Something else I need to get down in words before, as Herodotus would say, time draws the color from it. How many days ago was this? My camera claims it was on Aug 3rd, but it already seems so far away.
Han and Sila’s families arranged a bus tour up to Comakdag, a traditional Turkish mountain village north of Milas. Traditional except that, in a shrewd move to ensure their financial survival, they now give tours of the town once a week, and put on a mock traditional marriage ceremony in the town square, with the tour group being “guests of honor”.
Our group consisted of 20-odd people, mostly the Berkol-Kiliccote-Cohn clan, with a few assorted Belgians thrown in for variety. We arrived late afternoon and piled out on main street. Women were given headscarves, men were given glittery red handkerchiefs to tuck into our belts. Only slightly more subtle than a blinking sign over our heads saying “These are the Outsiders – make sure you Act Traditional for them!” But hey, it’s a small town – we know that we’re part of the show, too.
We smile at dour men watching indifferently from the shade of the square’s “coffee house” (we’re told that the best shade in town is always reserved for the coffeehouse, and set off down the dirt and cobble streets. Our guide leads us to a yard with a small, square two-storey house set in the corner. An exterior staircase leads up the carefully-laid stonework wall to an entry door on the second floor – entries here are always on the second floor to keep the livestock from wandering in uninvited.
The lady of the house (I never quite get her name) gives us “Vanna” poses of the various parts of the house, while our tour guide narrates – this is where meals are cooked, this is where they sleep. The construction is simple, but the attention to detail draws us all in – the roof beams are carved and painted with tiny geometric figures reminiscent of the patterned fabric we see on everyone’s clothing here.
We’re led up the street again, to the town’s silk cooperative. An elderly woman boils cocoons over an outdoor fire; another spins it on a drop-spindle while her daughter tidies up; inside, a third weaves dyed silk thread on a handloom. A different and less fearsome rendition of the three fates, but no less compelling.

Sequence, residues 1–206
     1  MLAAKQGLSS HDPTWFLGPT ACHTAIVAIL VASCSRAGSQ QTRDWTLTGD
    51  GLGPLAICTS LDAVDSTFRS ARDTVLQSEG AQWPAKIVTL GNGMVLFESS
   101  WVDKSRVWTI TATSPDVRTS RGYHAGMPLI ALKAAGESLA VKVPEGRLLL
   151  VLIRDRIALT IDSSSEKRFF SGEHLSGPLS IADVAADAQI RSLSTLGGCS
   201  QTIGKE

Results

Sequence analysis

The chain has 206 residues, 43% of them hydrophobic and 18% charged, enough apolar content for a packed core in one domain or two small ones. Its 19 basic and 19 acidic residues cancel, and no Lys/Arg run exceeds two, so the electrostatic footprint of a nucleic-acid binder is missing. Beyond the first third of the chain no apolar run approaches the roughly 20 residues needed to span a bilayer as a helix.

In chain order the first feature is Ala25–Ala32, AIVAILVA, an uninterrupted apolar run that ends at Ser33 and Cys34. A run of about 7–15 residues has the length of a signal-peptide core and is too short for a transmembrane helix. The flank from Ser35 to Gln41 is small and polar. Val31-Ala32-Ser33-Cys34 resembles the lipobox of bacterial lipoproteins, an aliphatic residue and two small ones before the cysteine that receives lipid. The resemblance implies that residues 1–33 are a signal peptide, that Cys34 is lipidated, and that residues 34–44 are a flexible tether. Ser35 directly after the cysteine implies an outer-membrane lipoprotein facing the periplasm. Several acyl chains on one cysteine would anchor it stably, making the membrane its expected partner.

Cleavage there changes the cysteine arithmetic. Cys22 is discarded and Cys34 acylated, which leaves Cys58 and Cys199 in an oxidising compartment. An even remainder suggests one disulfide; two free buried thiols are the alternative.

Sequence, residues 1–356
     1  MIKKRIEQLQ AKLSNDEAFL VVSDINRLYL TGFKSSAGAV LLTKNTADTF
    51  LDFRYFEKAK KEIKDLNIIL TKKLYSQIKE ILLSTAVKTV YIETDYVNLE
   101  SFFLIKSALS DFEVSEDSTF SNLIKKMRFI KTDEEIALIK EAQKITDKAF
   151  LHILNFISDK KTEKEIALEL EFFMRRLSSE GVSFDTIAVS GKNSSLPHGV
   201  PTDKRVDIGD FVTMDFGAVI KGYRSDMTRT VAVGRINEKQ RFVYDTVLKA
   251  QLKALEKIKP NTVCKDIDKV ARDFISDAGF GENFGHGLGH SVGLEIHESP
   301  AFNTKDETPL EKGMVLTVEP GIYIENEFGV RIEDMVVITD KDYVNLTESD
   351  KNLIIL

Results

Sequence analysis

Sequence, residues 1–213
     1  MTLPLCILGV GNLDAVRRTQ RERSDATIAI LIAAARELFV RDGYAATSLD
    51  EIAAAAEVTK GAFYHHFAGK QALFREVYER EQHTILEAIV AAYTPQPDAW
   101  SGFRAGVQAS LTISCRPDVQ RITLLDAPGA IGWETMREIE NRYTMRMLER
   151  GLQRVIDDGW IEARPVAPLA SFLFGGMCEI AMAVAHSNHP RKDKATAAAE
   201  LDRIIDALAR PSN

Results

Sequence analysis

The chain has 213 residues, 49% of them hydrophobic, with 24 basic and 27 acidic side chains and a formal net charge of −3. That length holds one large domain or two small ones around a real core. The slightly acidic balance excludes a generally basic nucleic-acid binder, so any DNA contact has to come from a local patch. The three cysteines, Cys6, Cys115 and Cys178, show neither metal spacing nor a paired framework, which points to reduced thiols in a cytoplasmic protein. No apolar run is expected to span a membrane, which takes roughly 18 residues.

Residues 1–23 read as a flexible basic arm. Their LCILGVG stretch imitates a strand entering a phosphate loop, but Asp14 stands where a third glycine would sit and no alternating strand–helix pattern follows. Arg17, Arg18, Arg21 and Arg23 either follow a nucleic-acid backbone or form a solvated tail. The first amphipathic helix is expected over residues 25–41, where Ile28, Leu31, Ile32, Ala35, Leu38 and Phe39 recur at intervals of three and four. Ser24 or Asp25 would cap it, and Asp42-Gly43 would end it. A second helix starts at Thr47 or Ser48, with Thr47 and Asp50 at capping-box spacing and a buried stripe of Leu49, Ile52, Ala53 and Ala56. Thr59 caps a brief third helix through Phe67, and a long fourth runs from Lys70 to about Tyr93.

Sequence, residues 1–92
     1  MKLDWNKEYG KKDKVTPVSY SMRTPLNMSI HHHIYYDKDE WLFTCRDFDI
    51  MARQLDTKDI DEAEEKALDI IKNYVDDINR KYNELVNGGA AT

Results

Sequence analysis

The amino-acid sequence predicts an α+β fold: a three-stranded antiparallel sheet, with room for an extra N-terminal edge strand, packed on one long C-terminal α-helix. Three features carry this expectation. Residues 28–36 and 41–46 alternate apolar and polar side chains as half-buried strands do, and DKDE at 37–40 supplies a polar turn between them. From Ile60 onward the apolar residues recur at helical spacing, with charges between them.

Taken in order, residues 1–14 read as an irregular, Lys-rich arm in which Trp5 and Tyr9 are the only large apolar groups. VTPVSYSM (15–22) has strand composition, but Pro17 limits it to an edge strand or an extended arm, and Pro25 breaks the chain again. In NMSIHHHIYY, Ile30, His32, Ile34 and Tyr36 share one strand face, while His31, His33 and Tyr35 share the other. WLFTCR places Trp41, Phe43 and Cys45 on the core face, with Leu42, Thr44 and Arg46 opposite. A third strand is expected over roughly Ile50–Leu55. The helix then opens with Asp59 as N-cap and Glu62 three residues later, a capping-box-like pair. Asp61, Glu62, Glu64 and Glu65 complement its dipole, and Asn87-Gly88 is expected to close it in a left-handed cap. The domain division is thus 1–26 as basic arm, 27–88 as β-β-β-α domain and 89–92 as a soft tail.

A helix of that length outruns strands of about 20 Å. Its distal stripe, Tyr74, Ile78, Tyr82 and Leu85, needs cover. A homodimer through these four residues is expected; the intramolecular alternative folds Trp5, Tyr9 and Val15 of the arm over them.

We return to the town square, where our dinner is laid out among pillows on a carpeted platform. Villagers start to gather around the walls to watch – earlybirds getting good seats for the show.
A Comakdag wedding is an elaborate, four-day affair; while trays of dolmas, boiled millet, roast lamb and fresh halvah arrive, we’re given the compressed version. It’s not quite Proust summarized, or Talmud while standing on one leg, but they’re clearly skipping a bit: there’s the groom’s “stag party” which involves somber and manly dancing, the procession to the bride’s house. The bride’s bridal party, which involves somber, womanly dancing and singing dirges (they don’t seem big on the “This is the happiest day of my life” bit). The tallying and displaying of bridal gifts, all carefully accounted for. The public “milling of the millet” – no, this isn’t some sublimated metaphor about sex; these folks are farmers. Finally, the bride and groom appear together, and there’s more dancing – not quite as somber this time.
Throughout, townsfolk sit around the walls of the square. I’m keenly aware that this is staged, that we’re part of the entertainment, that they’re watching us watch the dancers. But that doesn’t rob the moment of its magic. These are ancient traditions, direct descendants of a time when the world was still flat, though they may not last much longer. Already, we’re told, the village is changing – a satellite dish here and there, poured concrete houses instead of the traditional stonework. Many villages die out when their young leave for glamour and money of the city – this one is taking a calculated risk to ensure its survival.
It’s a weeknight in a small town; not much to do but watch the outsiders. But they’re also watching the show, watching the dance. This is their small but glittering inheritance, both their responsibility and their promise of survival. They share it with us for an evening; in exchange, we offer a little money, but carry the sights, sounds and smells of this night away with us. In twenty years, the stone houses that have stood here for centuries may be lost in modern concrete. The town square may have a shopping mall selling “traditional wedding” videos and Comakdag snow-globes. These memories that we have carried away for safekeeping may be all that’s left of the old ways. But maybe not – these are clearly smart people; they’ve seen change before, and they seem to know how to look it in the eye. http://www.comakdag.com/